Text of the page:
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Very late, but thank you for providing that photo and the information you provided. I had no idea they put 7 bulbs into that lower headlight. I figured it was the typical 1/2 light headlights that I'm used to seeing in photos. That's a lot of maintain.
There are so many more important things to research, so don't waste your time on looking that up unless you are truly interested in it. I figured it may have been previously known knowledge, since these units fall into the early diesel era that has a larger modeling following. I think for modeling purposes, getting the headlight parallel or slightly angled up is at the "good enough" level to not stress over it.
The first Southern E-6s were described in undated "EMC Proposition #00737", it referred to "EMC Specification #594-B". That was followed by four supplements dated October 2, November 29 and December 10, 1940 and January 10, 1941.* All of the SR passenger diesel specifications are in the SRHA archives at TVRM. Unfortunately, I'm just outside of Atlanta so I'll have to refer to the headlight description in the contemporary FT spec until I can check at the archives. (Photo attached)
EMD spec #606D (for FTs 6102-03 and B units 6154-55) describes "One headlight, EMD design, 14" diameter with multiple reflectors having seven (7) prefocused bulbs. How the "prefocused bulbs" were set above, below and to the left and right on the engine center line are not described.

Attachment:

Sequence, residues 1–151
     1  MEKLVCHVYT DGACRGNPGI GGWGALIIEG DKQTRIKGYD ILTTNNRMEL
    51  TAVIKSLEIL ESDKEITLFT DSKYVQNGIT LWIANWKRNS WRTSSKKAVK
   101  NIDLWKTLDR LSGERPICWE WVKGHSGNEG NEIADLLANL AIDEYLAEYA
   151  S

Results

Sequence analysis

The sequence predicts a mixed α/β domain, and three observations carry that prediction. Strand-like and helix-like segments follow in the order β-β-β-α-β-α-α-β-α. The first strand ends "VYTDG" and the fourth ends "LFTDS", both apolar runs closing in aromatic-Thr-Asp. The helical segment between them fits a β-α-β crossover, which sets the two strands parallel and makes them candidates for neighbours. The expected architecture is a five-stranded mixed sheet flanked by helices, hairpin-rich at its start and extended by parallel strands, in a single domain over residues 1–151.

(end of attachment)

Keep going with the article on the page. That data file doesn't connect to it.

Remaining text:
The headlight changed with Supplement No.1 (May 19, 1944) to specification (FT-5400) for FTs 4103-06, 4112-17, 4303-05 and 4311-13. That describes "Each "A" unit to be equipped with a Pyle-National 250W, 32V headlight per endor's drawing #20-C-14590 MTP, EMD file reference #H-2.61, Pyle-National part #14590-EMS, with non glare reflector, less springs, studs, nuts, and washers, as a substitute to EMD standard 7-cluster headlight."
Notice that neither description answers David's question. More research can be done on how headlights were adjusted but given the length of an E unit carbody, we can assume no setting could compensate for undulations in the track or lighting around curves, one of the the reasons for oscillating headlights.
*EMC/EMD diesel orders began with a description (specification) of their standard product. If the purchasing railroad did not want any changes or customized features, the spec, as issued, described what would be delivered. To EMC/EMDs consternation, the Southern almost never accepted EMDs spec as written. (Electro Motive was interested in selling standardized units rather than complicate their production processes.) After negotiations with the purchasing railroad, a "Specification Supplement" would be issued to describe to changes.